Of all the countries in the sub-continent Nepal is probably one that impinges least on world consciousness. You would have thought that being the proud keeper of the Everest , it would be better known, but statistics show that a large majority of people wrongly perceive the Everest as belonging to India ,or even China! Very little Nepalese literature has made it into English, nor is there a good selection of travel or memoir writing set in the country, so when I chanced upon "Little Princes: One Man's Promise to Bring Home the Lost Children of Nepal" by Conor Grennan, I knew I had to read it.
Twenty-nine-year-old Conor Grennan left his secure home and job in the USA in Nov of 2004 intending to travel the world. He decided to make Nepal his first stop and chose to volunteer at an orphanage during his stay, which, by his own admission was engineered to impress people. When he arrived in Nepal the mountain kingdom was in the middle of a civil war with the Maoists vowing they would not drop their arms until the King abdicated his throne and a People's Republic of Nepal was established.
The Orphanage was called "The Little Princes Children's Home" and had come together under the watchful and caring eye of a young French woman called Sandy. Sandy was a keen hiker and once, trekking up in a mountain village in Nepal, she learned that the Maoists were kidnapping children who lived in remote and isolated mountainous villages and putting them to work in the rebel army. Parents terrified that they might lose their kids to the rebel army, fell prey to a man called "Golakk" who promised these parents that for a fee he would take their children to Kathmandu (the capital city of Nepal) where he would feed, house and send them to school. The gullible parents sold everything they had so that their children could leave with Golakk to what they naively presumed was a "better life". Instead, Gollack pocketed the money and dumped these kids on the streets to fend for themselves. Sometimes he sold them to rich Nepalis to work as domestic servants and sometimes these kids were trafficked across the border into Nepal as sex slaves. Sandy was so distraught upon hearing this, she immediately set out to establish a shelter for these abandoned kids which she named "Little Princes" after Antoine de Exupery's novel titled "Le Petit Prince".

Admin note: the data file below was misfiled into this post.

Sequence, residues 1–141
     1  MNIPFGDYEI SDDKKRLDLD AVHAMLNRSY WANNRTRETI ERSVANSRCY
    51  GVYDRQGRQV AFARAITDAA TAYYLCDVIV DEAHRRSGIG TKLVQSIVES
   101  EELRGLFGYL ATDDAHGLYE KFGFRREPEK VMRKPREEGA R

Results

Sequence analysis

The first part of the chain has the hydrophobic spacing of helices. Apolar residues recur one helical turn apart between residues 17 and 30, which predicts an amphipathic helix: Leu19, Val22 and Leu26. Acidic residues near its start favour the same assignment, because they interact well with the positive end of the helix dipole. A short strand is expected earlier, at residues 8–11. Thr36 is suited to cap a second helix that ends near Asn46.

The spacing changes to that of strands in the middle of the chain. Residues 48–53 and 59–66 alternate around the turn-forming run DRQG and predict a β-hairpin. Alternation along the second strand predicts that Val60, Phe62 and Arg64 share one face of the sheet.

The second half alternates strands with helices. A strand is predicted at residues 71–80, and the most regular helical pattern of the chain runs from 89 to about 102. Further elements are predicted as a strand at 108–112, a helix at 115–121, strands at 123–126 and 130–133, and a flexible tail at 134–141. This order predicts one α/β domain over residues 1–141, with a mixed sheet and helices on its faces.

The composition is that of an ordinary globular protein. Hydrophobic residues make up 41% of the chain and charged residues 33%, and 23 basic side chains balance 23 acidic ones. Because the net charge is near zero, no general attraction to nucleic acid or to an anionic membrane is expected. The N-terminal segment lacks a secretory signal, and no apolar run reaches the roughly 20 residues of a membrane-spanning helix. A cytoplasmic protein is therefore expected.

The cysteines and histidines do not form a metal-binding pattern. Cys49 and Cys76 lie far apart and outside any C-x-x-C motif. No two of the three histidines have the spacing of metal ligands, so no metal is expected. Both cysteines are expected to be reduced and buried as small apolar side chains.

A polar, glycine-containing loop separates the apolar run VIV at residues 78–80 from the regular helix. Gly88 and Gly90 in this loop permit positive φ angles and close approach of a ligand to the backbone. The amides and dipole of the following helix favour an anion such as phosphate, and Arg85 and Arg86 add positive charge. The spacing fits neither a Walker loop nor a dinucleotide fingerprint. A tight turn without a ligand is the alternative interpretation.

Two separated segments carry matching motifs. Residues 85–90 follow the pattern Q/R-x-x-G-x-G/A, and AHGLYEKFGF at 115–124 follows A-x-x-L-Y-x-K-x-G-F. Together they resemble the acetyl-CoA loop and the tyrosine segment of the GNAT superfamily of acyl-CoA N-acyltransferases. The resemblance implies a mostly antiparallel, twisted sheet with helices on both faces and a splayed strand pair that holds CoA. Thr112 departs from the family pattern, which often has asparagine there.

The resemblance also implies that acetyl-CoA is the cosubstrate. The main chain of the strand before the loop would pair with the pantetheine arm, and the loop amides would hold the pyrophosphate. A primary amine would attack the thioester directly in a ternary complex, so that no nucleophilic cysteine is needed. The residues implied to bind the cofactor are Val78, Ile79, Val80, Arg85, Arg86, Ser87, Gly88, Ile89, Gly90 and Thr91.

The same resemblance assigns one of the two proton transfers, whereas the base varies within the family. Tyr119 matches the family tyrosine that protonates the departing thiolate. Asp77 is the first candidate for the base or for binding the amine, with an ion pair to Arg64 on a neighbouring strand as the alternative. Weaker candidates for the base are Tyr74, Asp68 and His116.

An armed Maoist soldier
When Conor arrived at "Little Princes" the eighteen kids were so delighted to see him they completely swarmed him. They used him as a human jungle jim, hanging from his neck, his shoulders and wrists. Any trepidation that Conor felt about not having any experience with children completely dissipated in that moment and over the next few days he actually enjoyed waking up to them, helping them to get ready for school and looked forward to playing soccer and carom with them in the evenings.